# How to Copy a Python Dictionary

When making a copy of a dictionary in Python, most approaches make a shallow copy and the original dictionary is changed by accident. Use copy.deepcopy() if you need a recursive copy of all elements.

## The problem

It’s a common Python pitfall for beginners to forget that objects are mutable when copying them and to make unintended changes as a consequence. I thought I had it covered until this happend:

### Don't do this ###

a = {'a_1':[1], "a_2":[2]}
b = {'b_1':[1], "b_2":[2]}
c = {'a':a,'b':b}

def f(x):
x = x.copy() # Nice try, doesn't work
x['a']['a_1'] = "test"
return x

print(f(c))
print(c)

{'a': {'a_1': 'test', 'a_2': [2]}, 'b': {'b_1': [1], 'b_2': [2]}}
{'a': {'a_1': 'test', 'a_2': [2]}, 'b': {'b_1': [1], 'b_2': [2]}}


The function had an unintended side-effect even though I was purposefully using .copy()!

To be clear, this is the typical example in Python beginners courses:

a = [1,2,3]
b = a
b.append(1)

print(a)
print(b)

[1, 2, 3, 1]
[1, 2, 3, 1]


An easy solution it to copy element-by-element or use .copy()

a = [1,2,3]
b = a[:] # or b = a.copy()
b.append(1)

print(a)
print(b)

[1, 2, 3]
[1, 2, 3, 1]


As I learned the hard way, the solution is not that simple for dictionaries!

## Simple assignment

As above, we’d expect just assigning a dictionary to a new variable to fail. And it does, both when we change elements of the dictionary and when we change the values of the dictionary.

We want c to not change because of the two changes to d: one to a key of d, the other to a value of d.

a = {'a_1':[1], "a_2":[2]}
b = {'b_1':[1], "b_2":[2]}
c = {'a':a,'b':b}

d = c
# Assign new key
d['new'] = d.pop('b')
print(f"{d=}")
# Assign new value to an element within the dictionary
d['a']['a_1'] = 'test'
print(f"{d=}")

print(f"{c=}")

d={'a': {'a_1': [1], 'a_2': [2]}, 'new': {'b_1': [1], 'b_2': [2]}}
d={'a': {'a_1': 'test', 'a_2': [2]}, 'new': {'b_1': [1], 'b_2': [2]}}
c={'a': {'a_1': 'test', 'a_2': [2]}, 'new': {'b_1': [1], 'b_2': [2]}}


## Element by element copy

[!] This copies the dictionary structure, but does not copy the elements themselves!

See how the new key isn’t present in c but the change to the object in a is.

a = {'a_1':[1], "a_2":[2]}
b = {'b_1':[1], "b_2":[2]}
c = {'a':a,'b':b}

d = {key:item for key, item in c.items()}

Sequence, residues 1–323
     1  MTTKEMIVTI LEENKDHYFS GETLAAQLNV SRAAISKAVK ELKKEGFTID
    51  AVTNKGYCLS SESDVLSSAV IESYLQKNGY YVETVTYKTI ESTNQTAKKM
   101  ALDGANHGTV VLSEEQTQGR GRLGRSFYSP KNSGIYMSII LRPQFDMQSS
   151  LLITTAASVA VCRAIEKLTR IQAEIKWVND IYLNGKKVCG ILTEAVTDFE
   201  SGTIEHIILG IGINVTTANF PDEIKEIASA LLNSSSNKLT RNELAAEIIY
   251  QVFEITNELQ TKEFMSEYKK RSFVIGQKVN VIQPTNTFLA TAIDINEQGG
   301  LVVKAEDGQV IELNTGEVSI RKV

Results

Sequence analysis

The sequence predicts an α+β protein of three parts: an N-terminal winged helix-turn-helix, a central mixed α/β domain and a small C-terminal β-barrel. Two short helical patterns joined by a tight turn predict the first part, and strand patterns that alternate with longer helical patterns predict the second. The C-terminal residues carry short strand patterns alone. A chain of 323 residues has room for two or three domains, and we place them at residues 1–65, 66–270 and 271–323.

# Assign new key
d['new'] = d.pop('b')
print(f"{d=}")
# Assign new value to an element within the dictionary
d['a']['a_1'] = 'test'
print(f"{d=}")

print(f"{c=}")

{'a': {'a_1': [1], 'a_2': [2]}, 'new': {'b_1': [1], 'b_2': [2]}}
{'a': {'a_1': 'test', 'a_2': [2]}, 'new': {'b_1': [1], 'b_2': [2]}}
{'a': {'a_1': 'test', 'a_2': [2]}, 'b': {'b_1': [1], 'b_2': [2]}}


## .copy()

[!] This copies the dictionary structure, but does not copy the elements themselves!

a = {'a_1':[1], "a_2":[2]}
b = {'b_1':[1], "b_2":[2]}
c = {'a':a,'b':b}

d = c.copy()
# Assign new key
d['new'] = d.pop('b')
print(f"{d=}")
# Assign new value to an element within the dictionary
d['a']['a_1'] = 'test'
print(f"{d=}")

print(f"{c=}")

{'a': {'a_1': 'test1', 'a_2': [2]}, 'b': {'b_1': [1], 'b_2': [2]}}
{'a': {'a_1': 'test1', 'a_2': [2]}, 'new': {'b_1': [1], 'b_2': [2]}}


## Deepcopy

copy.deepcopy() copies the structure and elements recursively. c is unchanged after the changes to d

import copy

a = {'a_1':[1], "a_2":[2]}
b = {'b_1':[1], "b_2":[2]}
c = {'a':a,'b':b}

d = copy.deepcopy(c)
# Assign new key
d['new'] = d.pop('b')
print(f"{d=}")
# Assign new value to an element within the dictionary
d['a']['a_1'] = 'test'
print(f"{d=}")

print(f"{c=}")

d={'a': {'a_1': [1], 'a_2': [2]}, 'new': {'b_1': [1], 'b_2': [2]}}
d={'a': {'a_1': 'test', 'a_2': [2]}, 'new': {'b_1': [1], 'b_2': [2]}}
c={'a': {'a_1': [1], 'a_2': [2]}, 'b': {'b_1': [1], 'b_2': [2]}}


## Conclusion

Be very careful when changing mutable objects within dictionaries and use copy.deepcopy() when necessary. Be aware that deepcopy is slow.